Mice were placed in the center of an elevated plus-maze (4×30 cm arms, 60 cm above floor level, 18 cm high non-transparent side walls), and their paths were recorded by a camcorder (HDR-CX100, SONY, Tokyo, Japan). Time spent in each arm and entries into each arm over 10 min were manually scored and changed to percentage. More details are described in a previous study .
Rotarod tests to measure motor skills of mice were performed as described . Mice were placed on the rotating rod with a start speed of 4 rpm, acceleration rate 20 rpm/min (47600, Ugo Basile, Gemonio VA, Italy) and tested for 14 min. Three times trials each 14 min with 15 min interval were performed. Duration time on the rod before mouse falls off and rod spin speed (rapid per minute, rpm) when mouse falls off were scored and averaged.
The OLM test was performed as previously described [20, 21] and included training and test sessions. Before training, mice were habituated for 5 min per day for 4 days in an arena (33 cm×33 cm, 33 cm high, less than 45 LUX) and then habituated for 15 min per day over the next 2 days. One side of the experimental box included a spatial cue. In the training session, mice were allowed to freely explore two identical objects placed in the box for 10 min. During the test session 24 h after the training, mice were placed back in the same box, but one of the objects was moved to a new location. Interaction with each object (defined as sniffing and/or head within 1 cm of the object) was manually scored for analysis. Mice that showed more than 10% preference for each object in the training session were excluded from the subsequent memory tests. The discrimination index was calculated as follows: (time exploring the novel object – time exploring the old)/(time exploring novel+old)×100.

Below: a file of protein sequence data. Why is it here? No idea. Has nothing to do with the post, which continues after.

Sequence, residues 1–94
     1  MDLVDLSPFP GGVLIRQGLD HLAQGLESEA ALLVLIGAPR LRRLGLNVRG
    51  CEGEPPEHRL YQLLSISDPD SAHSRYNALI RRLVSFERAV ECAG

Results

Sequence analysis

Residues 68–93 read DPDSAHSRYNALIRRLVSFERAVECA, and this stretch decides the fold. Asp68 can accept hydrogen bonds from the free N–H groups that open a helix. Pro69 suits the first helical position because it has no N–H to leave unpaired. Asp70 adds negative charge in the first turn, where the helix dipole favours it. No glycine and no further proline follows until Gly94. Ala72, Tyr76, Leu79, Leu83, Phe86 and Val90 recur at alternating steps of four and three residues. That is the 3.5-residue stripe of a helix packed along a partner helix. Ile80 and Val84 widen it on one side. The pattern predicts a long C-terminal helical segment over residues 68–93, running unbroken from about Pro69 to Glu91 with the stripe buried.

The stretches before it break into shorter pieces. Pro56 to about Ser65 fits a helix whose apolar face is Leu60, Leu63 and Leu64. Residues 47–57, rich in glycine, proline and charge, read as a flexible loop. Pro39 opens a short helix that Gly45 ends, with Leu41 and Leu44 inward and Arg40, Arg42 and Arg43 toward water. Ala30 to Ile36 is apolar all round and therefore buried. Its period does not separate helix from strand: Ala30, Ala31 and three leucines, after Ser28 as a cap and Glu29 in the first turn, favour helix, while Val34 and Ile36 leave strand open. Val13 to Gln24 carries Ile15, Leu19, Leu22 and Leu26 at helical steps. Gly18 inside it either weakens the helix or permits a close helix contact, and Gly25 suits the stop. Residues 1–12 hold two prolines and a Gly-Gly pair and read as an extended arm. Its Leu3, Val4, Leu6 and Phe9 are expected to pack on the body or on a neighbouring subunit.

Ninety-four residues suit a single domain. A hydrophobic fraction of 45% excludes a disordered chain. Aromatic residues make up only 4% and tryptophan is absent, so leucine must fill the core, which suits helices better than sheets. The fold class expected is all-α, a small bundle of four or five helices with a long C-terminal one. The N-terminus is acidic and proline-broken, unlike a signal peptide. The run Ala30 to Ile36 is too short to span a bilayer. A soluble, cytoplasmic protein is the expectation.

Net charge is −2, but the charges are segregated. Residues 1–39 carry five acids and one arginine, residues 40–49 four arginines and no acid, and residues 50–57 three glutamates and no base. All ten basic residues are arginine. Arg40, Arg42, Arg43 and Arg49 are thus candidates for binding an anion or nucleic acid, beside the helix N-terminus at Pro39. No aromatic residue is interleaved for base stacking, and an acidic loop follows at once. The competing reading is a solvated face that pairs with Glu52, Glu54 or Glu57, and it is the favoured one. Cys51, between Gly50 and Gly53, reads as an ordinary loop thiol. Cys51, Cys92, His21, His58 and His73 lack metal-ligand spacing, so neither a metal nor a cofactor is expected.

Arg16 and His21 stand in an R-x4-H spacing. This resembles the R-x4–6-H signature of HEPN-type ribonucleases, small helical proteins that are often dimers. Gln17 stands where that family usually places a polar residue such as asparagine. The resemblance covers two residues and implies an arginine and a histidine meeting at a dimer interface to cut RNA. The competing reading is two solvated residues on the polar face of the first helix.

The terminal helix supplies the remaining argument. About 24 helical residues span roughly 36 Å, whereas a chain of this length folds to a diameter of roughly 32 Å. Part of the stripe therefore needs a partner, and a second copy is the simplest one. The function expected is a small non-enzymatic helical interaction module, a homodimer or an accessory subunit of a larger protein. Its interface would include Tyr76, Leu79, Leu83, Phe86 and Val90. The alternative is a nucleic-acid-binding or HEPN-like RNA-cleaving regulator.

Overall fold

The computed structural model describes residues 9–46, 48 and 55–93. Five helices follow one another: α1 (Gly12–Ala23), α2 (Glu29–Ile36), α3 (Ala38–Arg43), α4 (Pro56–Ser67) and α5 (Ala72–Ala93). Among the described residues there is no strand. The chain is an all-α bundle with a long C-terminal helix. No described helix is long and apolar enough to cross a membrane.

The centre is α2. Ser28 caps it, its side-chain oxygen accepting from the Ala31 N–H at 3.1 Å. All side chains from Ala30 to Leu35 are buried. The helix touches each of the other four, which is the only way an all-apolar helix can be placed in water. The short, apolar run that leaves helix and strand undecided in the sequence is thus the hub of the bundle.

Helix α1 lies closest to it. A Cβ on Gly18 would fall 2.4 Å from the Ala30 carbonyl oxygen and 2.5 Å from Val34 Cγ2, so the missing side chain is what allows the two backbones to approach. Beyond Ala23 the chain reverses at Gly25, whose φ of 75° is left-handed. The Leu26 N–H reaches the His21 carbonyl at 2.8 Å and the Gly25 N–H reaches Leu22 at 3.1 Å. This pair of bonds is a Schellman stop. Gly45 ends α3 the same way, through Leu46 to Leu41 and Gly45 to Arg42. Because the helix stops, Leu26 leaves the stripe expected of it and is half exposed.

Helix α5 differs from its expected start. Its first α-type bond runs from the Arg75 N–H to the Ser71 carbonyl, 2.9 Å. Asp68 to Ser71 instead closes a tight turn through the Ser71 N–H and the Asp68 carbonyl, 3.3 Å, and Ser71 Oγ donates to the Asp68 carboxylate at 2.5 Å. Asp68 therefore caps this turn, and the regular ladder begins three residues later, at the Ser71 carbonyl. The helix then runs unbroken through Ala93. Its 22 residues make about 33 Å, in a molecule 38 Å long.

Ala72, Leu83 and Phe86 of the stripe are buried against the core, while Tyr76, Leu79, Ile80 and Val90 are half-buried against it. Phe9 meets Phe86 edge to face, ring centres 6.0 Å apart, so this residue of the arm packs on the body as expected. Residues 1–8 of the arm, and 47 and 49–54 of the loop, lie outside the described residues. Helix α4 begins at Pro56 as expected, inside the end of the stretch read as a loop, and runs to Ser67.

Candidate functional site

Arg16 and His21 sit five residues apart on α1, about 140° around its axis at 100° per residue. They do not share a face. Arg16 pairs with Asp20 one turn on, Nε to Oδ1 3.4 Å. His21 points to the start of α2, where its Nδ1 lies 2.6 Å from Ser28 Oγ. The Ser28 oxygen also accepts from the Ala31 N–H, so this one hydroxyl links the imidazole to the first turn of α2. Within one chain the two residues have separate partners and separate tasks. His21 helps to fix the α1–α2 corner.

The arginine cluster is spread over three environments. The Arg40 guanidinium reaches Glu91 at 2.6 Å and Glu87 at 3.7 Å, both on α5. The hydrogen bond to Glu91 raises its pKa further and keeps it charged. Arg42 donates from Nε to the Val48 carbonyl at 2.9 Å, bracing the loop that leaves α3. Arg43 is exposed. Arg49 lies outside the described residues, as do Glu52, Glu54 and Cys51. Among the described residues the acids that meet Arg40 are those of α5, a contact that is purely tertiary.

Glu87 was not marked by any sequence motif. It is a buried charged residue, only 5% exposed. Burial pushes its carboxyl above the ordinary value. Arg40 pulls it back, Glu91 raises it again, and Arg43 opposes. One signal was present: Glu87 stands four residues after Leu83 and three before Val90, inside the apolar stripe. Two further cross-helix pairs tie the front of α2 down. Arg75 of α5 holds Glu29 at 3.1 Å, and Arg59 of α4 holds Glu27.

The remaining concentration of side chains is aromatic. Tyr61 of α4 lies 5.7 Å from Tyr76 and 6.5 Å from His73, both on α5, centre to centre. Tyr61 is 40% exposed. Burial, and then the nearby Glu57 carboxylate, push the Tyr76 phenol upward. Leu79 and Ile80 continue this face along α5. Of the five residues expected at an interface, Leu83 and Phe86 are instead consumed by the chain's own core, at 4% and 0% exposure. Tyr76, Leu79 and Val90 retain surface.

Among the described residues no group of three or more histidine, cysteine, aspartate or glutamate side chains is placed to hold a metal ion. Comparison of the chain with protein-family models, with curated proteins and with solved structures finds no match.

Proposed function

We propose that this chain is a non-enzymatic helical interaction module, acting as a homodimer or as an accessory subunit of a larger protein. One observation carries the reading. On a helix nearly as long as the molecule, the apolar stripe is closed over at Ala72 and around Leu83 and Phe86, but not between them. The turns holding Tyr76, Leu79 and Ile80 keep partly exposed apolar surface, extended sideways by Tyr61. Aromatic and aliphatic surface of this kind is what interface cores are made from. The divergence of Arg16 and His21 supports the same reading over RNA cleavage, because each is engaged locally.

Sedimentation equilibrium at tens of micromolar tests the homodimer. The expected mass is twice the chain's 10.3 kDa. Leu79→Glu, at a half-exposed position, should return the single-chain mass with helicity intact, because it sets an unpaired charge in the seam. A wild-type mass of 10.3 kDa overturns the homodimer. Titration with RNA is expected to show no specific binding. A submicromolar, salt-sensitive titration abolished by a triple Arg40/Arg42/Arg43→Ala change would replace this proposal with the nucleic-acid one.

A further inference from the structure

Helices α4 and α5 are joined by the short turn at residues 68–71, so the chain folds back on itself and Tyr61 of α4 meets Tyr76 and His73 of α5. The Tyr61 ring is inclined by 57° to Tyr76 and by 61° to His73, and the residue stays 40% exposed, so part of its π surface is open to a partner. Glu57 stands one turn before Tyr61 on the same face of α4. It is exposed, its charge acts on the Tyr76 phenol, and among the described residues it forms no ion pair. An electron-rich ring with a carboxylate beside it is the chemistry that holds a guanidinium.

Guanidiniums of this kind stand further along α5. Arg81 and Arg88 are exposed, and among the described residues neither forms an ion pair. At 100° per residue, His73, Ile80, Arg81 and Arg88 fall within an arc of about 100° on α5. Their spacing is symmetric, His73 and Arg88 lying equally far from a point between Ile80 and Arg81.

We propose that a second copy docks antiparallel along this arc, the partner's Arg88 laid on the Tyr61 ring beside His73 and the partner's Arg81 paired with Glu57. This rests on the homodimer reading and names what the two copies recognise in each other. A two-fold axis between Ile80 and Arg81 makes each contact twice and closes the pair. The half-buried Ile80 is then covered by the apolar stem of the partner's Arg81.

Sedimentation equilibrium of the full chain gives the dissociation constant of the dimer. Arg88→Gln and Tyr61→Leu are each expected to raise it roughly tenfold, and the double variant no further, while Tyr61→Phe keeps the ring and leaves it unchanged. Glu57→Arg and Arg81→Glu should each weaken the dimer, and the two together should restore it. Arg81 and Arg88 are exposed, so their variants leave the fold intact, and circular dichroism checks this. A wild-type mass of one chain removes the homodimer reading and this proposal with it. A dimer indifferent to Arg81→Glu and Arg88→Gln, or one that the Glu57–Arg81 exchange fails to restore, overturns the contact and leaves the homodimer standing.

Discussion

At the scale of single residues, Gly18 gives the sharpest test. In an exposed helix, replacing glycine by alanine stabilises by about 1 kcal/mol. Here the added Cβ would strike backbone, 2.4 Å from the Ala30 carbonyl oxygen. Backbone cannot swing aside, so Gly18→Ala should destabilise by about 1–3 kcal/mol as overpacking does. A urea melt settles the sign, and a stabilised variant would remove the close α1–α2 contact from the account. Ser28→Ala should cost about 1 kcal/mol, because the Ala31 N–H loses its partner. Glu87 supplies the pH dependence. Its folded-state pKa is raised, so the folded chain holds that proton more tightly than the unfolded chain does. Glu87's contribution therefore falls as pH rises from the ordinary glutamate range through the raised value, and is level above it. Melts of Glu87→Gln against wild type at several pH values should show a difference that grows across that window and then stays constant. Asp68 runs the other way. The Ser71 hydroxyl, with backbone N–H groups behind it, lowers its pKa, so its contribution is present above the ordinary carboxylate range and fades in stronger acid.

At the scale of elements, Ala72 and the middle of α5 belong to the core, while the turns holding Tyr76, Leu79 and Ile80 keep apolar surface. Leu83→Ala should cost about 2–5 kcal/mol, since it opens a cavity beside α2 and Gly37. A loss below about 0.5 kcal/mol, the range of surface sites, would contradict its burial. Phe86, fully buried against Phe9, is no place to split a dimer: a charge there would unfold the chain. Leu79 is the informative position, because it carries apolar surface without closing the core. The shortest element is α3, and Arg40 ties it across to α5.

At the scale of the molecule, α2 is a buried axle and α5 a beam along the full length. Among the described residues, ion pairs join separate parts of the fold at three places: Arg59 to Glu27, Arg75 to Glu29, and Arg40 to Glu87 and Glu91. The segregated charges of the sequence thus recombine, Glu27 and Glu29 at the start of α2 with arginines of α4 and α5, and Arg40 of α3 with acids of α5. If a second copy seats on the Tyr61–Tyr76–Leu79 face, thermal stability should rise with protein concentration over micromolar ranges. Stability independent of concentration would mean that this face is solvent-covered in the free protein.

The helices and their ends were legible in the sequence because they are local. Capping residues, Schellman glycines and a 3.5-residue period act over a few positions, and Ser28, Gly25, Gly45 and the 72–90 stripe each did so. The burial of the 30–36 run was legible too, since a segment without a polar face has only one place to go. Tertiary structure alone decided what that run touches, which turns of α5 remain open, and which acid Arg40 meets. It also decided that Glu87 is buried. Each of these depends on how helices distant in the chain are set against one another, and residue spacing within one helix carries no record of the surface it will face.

After the OLM tests, mice were placed in the arena for the novel ORM tests with the same objects situated in the same location, and allowed to explore for 10 min. Twenty-four hours later, the mice were placed back into the experimental box containing an old object and a new object in the same locations and allowed to explore for 5 min. Mice that showed more than a 10% preference for each object in the training session were excluded from the subsequent memory tests.
Data normality was assessed with the Kolmogorov-Smirnov test, the D’Agostino & Pearson Omnibus normality test, or the Shapiro-Wilk normality test. One-way analysis of variance (ANOVA) was used to compare more than two groups. Post hoc comparisons were conducted using Dunnett’s or Bonferroni’s multiple comparison tests. If the data did not follow a Gaussian distribution, a nonparametric Kruskal-Wallis test was used to compare more than two groups. The Student’s unpaired
To investigate the role of
First, we examined the general locomotive activity of
Given that PSD-95 is a key player in synaptic plasticity, which may underlie learning and memory, we examined the long-term memory of
In this study, we demonstrated that deficiency of
Consistent with previous reports [6, 7],
PSD-95, a major scaffolding protein in excitatory synapses interacts with many synaptic proteins including signaling molecules, receptors, and channels, and has a pivotal role in synaptic assembly and function [8, 29]. Moreover, PSD-95 levels at postsynapses in excitatory neurons contribute to a variety of memories in experimental animals [9, 10, 30, 31]. Thus, PSD-95 has been the focus of studies on development and synaptic plasticity. In our data,
Even though there are no effects on viability and mortality, the global
This research was supported by grants from the Basic Science Research Program through the National Research Foundation of Korea (NRF) funded by the Ministry of Education (NRF-2018R1D1A1B07043779) to Hyong Kyu Kim and from the Korea Brain Research Institute (KBRI 20-BR-01-06) to Won-Jong Oh.
Fold change of
|Genotype||Average ΔΔCt||Expression fold change to wild type (2-ΔΔCt)|
SD, standard deviation.